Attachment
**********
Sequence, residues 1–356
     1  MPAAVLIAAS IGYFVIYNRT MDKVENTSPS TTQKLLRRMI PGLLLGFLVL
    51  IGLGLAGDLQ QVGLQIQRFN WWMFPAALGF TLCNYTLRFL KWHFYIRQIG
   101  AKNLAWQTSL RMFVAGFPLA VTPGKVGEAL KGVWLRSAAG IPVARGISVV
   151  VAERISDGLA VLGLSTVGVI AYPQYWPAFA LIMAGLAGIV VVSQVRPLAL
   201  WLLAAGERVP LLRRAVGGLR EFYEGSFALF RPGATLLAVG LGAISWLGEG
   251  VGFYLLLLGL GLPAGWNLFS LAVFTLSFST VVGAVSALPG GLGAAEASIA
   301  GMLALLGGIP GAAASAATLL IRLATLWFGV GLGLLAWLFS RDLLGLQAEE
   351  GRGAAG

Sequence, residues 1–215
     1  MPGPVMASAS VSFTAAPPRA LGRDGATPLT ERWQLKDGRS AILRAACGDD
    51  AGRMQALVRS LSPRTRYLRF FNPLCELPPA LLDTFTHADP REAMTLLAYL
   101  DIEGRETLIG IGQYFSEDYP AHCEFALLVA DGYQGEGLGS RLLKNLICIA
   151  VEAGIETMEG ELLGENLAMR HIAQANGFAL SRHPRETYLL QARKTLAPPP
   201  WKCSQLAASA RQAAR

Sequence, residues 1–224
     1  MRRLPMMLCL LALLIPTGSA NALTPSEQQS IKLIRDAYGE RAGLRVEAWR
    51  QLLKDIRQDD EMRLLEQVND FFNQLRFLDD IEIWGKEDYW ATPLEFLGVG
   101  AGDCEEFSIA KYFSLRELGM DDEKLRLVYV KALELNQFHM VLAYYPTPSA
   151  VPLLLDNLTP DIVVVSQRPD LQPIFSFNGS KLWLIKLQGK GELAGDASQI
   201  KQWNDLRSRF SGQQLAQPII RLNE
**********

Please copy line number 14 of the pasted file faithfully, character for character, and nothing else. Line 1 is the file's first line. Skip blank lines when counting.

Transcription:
   151  VEAGIETMEG ELLGENLAMR HIAQANGFAL SRHPRETYLL QARKTLAPPP